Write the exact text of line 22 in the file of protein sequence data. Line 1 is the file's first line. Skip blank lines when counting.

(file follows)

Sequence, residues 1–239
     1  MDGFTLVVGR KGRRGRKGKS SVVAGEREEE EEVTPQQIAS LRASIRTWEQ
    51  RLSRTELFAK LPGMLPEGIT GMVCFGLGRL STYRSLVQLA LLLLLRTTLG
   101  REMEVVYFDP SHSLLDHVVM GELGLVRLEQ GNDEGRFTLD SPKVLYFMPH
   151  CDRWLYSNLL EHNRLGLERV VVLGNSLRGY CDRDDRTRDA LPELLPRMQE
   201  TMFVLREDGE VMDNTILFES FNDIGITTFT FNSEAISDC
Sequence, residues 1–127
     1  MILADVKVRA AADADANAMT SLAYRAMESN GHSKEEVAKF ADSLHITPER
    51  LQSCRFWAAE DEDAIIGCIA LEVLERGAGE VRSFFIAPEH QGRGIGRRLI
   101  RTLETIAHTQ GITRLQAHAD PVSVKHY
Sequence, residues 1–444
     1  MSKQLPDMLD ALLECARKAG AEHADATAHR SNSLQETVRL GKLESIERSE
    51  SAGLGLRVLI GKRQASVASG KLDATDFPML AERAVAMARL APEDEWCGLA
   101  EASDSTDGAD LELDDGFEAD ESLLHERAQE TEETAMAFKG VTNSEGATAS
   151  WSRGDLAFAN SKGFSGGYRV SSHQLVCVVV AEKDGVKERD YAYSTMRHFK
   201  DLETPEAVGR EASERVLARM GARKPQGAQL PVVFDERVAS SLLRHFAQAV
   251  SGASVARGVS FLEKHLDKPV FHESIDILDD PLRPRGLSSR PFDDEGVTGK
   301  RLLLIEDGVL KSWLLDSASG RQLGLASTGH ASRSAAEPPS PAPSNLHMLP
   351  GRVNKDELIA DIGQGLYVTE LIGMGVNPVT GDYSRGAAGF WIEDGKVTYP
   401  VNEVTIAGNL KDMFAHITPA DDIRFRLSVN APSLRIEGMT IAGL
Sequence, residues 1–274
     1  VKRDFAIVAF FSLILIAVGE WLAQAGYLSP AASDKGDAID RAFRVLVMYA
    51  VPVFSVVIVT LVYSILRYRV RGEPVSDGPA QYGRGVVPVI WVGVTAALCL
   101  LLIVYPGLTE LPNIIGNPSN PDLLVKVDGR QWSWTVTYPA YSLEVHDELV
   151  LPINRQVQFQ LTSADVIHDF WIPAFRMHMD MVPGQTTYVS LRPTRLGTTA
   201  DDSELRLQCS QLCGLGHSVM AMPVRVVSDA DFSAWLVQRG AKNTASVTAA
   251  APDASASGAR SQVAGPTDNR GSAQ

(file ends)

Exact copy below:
     1  VKRDFAIVAF FSLILIAVGE WLAQAGYLSP AASDKGDAID RAFRVLVMYA